Preparing for a visit from ART 561/ENG 549/FRE 561 “Painting and Literature in Nineteenth-Century France and England,” the prints of Hablot Knight Browne (Phiz) for Charles Dickens’ Bleak House have been pulled. Phiz completed forty plates, etched on steel, for Dickens’ ninth novel published in monthly parts from March 1852 to September 1853.
Both for the added mystery and to thwart the lithographers who made copies of Browne’s superb etchings, the artist developed a technique for what we refer to as the ‘dark plates.’
In ten of the forty illustrations, Browne merged the meticulous engraved lines made by an engraving- or ruling-machine with the hand drawn lines of his etching needle to create the look of a mezzotint with the detail and freedom of a drypoint.
Engraving on steel had only recently been perfected. In 1895, C. W. Dickinson wrote an easy to understand description of “Copper, steel and bank-note engraving,” quoted here:
“Previous to the year 1830 only copper plate was used by engravers, because up to that time it was not thought possible to make steel soft enough to cut easily and smoothly. The first plate produced—that could be used—was called “silver steel.” Later there was manufactured the “Prussian steel” plate, which was a slight improvement in fineness of grain. Other and greater improvements followed, until now steel has almost entirely superseded copper.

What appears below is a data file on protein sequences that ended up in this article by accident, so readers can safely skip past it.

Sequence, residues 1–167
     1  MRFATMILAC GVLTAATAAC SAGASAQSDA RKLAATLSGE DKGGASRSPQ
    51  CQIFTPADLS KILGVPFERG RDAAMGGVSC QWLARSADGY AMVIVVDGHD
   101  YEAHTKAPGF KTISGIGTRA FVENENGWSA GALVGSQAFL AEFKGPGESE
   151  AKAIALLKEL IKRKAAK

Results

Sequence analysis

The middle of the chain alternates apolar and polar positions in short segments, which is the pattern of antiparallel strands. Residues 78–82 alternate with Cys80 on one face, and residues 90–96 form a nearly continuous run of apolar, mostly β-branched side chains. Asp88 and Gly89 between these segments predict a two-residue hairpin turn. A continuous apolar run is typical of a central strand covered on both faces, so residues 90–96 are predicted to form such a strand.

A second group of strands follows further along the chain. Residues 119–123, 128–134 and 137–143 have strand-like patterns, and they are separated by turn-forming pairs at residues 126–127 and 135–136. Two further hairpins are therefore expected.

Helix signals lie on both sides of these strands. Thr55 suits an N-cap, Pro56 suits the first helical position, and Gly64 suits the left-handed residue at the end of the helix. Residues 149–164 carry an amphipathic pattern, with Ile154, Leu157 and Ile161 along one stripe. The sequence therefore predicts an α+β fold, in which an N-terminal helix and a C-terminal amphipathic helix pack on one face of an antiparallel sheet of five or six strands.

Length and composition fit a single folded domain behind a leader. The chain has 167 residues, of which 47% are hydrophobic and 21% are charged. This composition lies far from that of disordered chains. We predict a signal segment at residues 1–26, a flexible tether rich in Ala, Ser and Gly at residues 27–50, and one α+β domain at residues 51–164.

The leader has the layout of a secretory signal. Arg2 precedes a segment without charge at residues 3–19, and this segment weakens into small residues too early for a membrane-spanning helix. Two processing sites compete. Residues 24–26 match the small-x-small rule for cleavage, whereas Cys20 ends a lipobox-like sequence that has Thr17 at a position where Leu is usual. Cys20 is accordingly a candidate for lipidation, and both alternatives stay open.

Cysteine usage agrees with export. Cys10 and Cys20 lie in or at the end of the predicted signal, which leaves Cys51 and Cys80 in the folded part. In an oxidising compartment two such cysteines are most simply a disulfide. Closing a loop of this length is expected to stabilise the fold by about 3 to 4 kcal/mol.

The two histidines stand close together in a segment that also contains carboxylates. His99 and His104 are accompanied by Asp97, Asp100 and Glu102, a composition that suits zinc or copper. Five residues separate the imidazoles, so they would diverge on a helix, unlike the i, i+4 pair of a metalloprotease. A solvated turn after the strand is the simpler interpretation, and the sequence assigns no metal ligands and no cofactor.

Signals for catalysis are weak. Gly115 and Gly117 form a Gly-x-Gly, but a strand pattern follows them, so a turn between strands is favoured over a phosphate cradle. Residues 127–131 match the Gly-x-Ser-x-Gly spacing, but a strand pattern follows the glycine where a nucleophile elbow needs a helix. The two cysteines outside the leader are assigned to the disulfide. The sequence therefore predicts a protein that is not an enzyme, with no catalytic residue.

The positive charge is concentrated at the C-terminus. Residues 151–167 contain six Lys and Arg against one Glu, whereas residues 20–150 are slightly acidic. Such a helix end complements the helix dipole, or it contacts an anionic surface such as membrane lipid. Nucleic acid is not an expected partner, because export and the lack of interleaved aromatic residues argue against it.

Decarbonated cast steel is used for general engraving purposes and must be of very fine grain, and very soft as compared with natural cast steel. The plates are rolled out from bars of steel in its natural state, then decarbonated and cut to about the size desired, leaving enough margin to square the edges, which are finished with a wide bevel. After the plate has been cut to size, it is flattened by laying it upon a copper anvil and hammering with a wooden mallet until it is as flat as is possible to get it by that process. A uniform thickness and perfectly flat surface are then given to the plate by grinding—sometimes by hand, usually by machine—the latter process being the better, as it is the more perfect in its results.”
Also in the early 19th-century ruling machines for engravers were being up-graded, in particular to accommodate enormous publishing project such as Napoleon’s Description de l’Égypte. As improved and enhanced by Nicolas Conté, the French engraving machine was invaluable for the thousands of lines incorporated into the skies and landscapes within his designs. Here’s an image: https://napoleon.lindahall.org/engraving.shtml
A diamond was often used as the stylist on the engraving machines, hard enough to cut but thin enough to draw the slender marks that left the impression of a tint or tone rather than line. Here are a few close ups that make it easier to see the hundreds of tiny straight lines behind Browne’s linear picture.